Is there a better savory smell than roasting garlic?
“Garlic has been used as both food and medicine in many cultures for thousands of years, dating at least as far back as the time that the Giza pyramids were built”, according to Wikipedia. It has been thought to lower cholesterol, ward off heart disease, and could prevent certain types of cancer. It has both negative and positive spiritual connotations, as every major religion has some kind of reference or myth involving garlic.
So guess what my main ingredient was this week…garlic!
I decided to make a roasted garlic hummus to spice up the dreary day. Hummus is incredibly easy to make, and isn’t very time consuming. You do need a food processor to make quick work of it, however.
This week’s recipe comes from Cook’s Illustrated, my all-time favorite cooking magazine. I’m never concerned that one of their recipes won’t be fantastic because they do all the testing and experimenting for you. I looked at many hummus recipes, but ended up choosing theirs because I knew it would be tasty.
Start off with two nice sized heads of garlic – Cook’s recommends that you wrap your garlic in foil before roasting, and I had never done this before. It worked great and made for super easy clean-up. While that is cooking, you slice up another couple of cloves and make some fragrant garlic chips (you’ll use the garlic oil that is created as a result in the hummus).
You can choose to use dried chickpeas – soak them overnight and then cook them while your garlic is roasting (both will need to cool before you make the hummus). I chose to use a can of organic Field Day Garbanzo beans, for the convenience.
Customers really liked the hummus, and many had tips from their own hummus making experiences: a co-worker “sprouts” his dried chickpeas in hot water overnight and then doesn’t cook them; another recommends adding a shredded cucumber to the hummus, which would add a refreshing flavor to it; another adds grated fresh ginger.
Hummus is actually a pretty healthy snack when made from scratch – it is high in protein, iron, Vitamin C (especially if you use fresh lemon), and dietary fiber. Eating it with vegetables instead of chips or pita bread make it a healthy lunch for students or as an after-school snack.
ROASTED GARLIC HUMMUS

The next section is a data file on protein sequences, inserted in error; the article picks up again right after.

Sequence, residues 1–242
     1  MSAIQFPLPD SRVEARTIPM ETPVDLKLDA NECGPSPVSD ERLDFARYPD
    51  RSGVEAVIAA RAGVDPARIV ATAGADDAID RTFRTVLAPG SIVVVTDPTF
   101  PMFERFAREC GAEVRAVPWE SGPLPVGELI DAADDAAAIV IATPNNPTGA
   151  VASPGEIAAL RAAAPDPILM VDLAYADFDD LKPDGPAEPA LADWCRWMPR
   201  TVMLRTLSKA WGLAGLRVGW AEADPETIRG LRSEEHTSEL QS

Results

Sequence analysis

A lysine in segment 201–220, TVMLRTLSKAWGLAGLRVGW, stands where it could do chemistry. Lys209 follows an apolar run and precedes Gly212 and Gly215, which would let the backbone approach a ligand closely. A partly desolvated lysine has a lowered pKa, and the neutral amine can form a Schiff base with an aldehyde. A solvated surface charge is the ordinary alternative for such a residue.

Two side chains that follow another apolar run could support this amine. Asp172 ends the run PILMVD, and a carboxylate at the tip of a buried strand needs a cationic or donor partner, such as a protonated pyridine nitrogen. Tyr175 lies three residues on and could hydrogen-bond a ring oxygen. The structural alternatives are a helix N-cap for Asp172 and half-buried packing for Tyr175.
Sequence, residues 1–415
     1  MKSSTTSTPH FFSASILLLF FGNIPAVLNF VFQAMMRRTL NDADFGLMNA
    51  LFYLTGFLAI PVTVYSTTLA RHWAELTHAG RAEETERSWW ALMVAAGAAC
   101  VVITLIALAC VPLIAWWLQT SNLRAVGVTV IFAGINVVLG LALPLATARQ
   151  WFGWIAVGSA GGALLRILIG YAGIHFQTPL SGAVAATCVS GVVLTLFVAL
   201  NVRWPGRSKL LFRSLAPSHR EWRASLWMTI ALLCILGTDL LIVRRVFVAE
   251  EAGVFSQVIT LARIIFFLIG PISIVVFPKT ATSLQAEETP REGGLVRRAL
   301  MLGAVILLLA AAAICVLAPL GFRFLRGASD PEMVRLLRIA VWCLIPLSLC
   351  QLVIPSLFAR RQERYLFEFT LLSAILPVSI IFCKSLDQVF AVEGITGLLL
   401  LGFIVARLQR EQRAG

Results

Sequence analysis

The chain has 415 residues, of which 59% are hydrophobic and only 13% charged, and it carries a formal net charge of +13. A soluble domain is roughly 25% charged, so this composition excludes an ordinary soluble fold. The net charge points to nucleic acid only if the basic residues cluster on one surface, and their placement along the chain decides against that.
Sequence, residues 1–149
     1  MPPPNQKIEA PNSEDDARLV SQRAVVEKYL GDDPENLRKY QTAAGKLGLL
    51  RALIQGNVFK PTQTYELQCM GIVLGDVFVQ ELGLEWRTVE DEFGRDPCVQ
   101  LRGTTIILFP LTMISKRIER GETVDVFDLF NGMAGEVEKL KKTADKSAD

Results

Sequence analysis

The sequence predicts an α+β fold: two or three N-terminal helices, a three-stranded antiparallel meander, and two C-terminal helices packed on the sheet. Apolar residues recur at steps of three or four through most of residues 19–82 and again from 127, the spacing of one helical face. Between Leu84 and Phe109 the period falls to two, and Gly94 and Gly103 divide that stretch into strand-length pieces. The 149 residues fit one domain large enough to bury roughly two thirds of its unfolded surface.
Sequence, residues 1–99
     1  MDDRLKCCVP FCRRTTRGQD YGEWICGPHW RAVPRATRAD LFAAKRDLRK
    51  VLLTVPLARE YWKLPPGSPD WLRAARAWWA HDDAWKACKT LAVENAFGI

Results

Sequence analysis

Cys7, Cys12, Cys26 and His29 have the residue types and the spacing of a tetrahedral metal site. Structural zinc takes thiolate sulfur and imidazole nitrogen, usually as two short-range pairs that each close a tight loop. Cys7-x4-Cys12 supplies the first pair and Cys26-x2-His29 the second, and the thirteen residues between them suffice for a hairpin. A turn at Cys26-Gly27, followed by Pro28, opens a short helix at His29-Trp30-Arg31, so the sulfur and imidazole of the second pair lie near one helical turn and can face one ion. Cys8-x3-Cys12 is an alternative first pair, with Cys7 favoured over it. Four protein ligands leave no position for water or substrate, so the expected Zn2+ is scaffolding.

- 2 heads garlic + 2 thinly sliced garlic cloves
- 2 T extra-virgin olive oil, plus extra for drizzling
- 3 T juice from 1-2 lemons
- 1/4 water
- 6 T tahini, stirred well (I prefer roasted tahini for it’s fuller flavor)
- 1 (14 oz) can of garbanzo beans, drained and rinsed
- 1/2 t sea salt
- Pinch cayenne
- 2 t chopped fresh parsley
- Remove papery outer skins from garlic heads and discard. Cut top quarters off heads and discard.
- Wrap garlic in foil and roast in a 350°F oven until browned and very tender, about 1 hour.
- Meanwhile, heat oil and 2 thinly sliced garlic cloves in a small skillet over medium-low heat. Cook, stirring occasionally, until golden brown, about 15 minutes. Using slotted spoon, transfer garlic slices to paper towel lined plate and set aside; reserve oil.
- Once roasted garlic is cool, squeeze cloves from their skins (you should have about 1/4 c).
- Combine lemon juice and water in a small bowl or measuring cup. Whisk together tahini and garlic cooking oil in second small bowl or measuring cup.
- Process garbanzo beans, roasted garlic, salt, and cayenne in food processor until almost fully ground, about 15 seconds. Scrape down bowl with a rubber spatula.
- With machine running, add lemon juice water mixture in a steady stream through the feed tube. Scrape down bowl and continue to process for 1 minute.
- With machine running, add oil/tahini mixture in a steady stream through feed tube; continue to process until hummus is smooth and creamy, about 15 seconds, scraping down bowl as needed.
- Transfer hummus to serving bowl, sprinkle toasted garlic slices and parsley over surface, cover with plastic wrap and let stand until flavors meld, at least 30 minutes. Drizzle with olive oil and serve. If you do not plan on serving immediately, refrigerate hummus and garnishes separately. When ready to serve, stir in approx. 1 T of warm water if the texture is too thick.